xIMG_7866xWe ended up punching through the southern end of the derecho encountering some strong sustained winds which were enough to rock the car from one side to the other. After emerging through to the otherside we watched some lovely LP supercells that fired off the dryline.

xIMG_7895Although it looked as if the chase day was over there was one more surprise in store, as we pushed back east we drove through the most incredible display of lightning, so intense that it made the record books for the highest frequency of lightning ever detected. Another first for me, as we drove past a radio tower an upwards lightning bolt erupted from the top of the tower. Not what was expected from the day, but a great one none the less!

Kansas from Oklahoma

After a quick turn around of guest back in DFW we had managed to get a bonus chase day in to start the tour. The days risk area reached from Nebraska down to extreme NW Oklahoma. Our only realistic option was to aim for the southern tip and see if we could pick up a tail end charlie storm…..

The first storm that peaked our interest was near Elk City, a small LP that struggled to do anything remotely interesting. The air was far too dry and instability lacklustre. A storm further to the north looked as if it was doing the business with Supercell characteristics evident. We found a great vantage point north of Buffalo OK. As the storm drifted towards us lovely structure emerged from the gloomy twilight gloom.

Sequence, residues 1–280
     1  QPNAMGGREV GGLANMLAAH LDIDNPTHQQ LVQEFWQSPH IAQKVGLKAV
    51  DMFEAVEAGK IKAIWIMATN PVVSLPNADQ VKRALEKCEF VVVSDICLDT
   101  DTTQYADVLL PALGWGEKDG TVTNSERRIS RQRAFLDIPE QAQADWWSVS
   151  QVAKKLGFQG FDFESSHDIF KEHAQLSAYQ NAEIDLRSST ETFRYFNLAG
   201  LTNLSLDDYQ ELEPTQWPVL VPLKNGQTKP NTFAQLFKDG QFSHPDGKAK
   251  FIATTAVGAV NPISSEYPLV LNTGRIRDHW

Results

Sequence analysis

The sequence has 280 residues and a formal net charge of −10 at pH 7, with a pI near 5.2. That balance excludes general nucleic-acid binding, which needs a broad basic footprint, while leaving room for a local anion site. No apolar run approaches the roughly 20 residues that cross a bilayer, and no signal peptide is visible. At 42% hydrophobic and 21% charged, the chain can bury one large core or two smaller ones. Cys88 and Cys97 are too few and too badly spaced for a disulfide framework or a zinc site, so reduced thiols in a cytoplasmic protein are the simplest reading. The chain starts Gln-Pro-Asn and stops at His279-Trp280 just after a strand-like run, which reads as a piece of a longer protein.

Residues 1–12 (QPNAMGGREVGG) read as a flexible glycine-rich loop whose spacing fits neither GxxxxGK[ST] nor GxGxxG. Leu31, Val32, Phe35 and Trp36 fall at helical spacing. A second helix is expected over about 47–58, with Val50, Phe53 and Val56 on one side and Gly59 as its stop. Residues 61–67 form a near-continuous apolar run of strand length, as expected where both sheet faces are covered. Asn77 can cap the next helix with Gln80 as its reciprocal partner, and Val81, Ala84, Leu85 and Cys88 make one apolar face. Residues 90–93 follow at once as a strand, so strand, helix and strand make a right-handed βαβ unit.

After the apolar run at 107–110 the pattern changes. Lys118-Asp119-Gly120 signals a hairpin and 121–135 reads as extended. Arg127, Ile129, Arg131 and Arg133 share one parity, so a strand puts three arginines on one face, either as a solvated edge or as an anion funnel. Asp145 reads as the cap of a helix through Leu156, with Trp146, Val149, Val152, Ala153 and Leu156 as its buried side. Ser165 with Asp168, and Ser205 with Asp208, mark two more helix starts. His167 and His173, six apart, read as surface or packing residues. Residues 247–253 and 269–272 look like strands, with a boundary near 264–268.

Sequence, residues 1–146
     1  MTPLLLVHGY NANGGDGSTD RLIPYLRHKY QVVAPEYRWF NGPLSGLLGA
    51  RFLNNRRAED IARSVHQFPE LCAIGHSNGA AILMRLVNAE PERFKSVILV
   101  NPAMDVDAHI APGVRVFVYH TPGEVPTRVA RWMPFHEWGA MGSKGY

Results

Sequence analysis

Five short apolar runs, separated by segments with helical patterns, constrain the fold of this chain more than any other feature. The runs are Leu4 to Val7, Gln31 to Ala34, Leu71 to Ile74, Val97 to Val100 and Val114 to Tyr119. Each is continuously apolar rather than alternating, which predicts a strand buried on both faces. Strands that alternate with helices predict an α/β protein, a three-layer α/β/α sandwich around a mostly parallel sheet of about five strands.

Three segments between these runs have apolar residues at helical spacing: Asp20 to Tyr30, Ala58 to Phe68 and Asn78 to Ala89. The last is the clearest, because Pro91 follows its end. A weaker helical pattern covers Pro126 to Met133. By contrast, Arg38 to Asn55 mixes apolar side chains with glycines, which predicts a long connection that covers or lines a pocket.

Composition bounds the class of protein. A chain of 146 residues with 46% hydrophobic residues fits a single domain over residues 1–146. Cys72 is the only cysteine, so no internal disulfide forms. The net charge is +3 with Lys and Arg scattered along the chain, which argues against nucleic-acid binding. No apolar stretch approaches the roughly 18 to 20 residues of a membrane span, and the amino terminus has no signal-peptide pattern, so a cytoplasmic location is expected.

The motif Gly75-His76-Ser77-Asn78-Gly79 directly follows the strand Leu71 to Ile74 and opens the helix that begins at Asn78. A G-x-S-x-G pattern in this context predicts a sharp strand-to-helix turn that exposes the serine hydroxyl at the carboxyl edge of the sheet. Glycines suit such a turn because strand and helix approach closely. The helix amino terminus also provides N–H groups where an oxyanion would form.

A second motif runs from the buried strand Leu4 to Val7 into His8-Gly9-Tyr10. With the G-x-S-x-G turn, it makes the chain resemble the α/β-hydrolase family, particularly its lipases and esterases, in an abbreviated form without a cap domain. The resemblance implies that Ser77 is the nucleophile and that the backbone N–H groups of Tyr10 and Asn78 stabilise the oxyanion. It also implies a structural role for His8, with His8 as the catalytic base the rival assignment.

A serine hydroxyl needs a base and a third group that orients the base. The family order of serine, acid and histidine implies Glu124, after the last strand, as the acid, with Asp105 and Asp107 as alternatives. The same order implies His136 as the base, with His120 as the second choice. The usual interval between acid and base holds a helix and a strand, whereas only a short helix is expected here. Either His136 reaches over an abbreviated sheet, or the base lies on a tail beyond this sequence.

IMG_7633A further two storms drifted pass, the newbies faces were a picture in themselves. Now when chasing your eyes can play tricks on you, in the dark with only sporadic lightning to try and discern tornadic features. The picture looks awfully suspicious but no Tornado was reported for our location. As the storms turned into a linear mess we headed down to Woodward for the night, feeling somewhat sleep deprived but a great day and an excellent start to Tour 3. Personally. I have not had much luck with Kansas, but as the storm was in Kansas as the time I can add this to one of the very few Kansas Supercells! Some of the stragglers who arrived late into DFW over-nighted in Wichita which got slammed by an MCS. A nice feeling that no one missed out.



End of the road……almost

IMG_7407Waking up in Limon, CO. Today’s risk was looking less than excellent, nut it was a risk none the less, whatever happened today we had to keep the drive back to DFW in our minds as it is surprisingly easy to drive 8 hours in the wrong direction and leaving yourself with an almost impossible drive down to Texas. While gassing up we saw what could be an ideal future chase car, I imagine it would not be the most fuel efficient thing we have ever driven.

We headed east some mushy storms fired up, at this point the fatigue of driving was starting to kick in and I struggled for enthusiasm with this one. A few CGs fired out and we found the obligatory train tracks to try and get some shots from….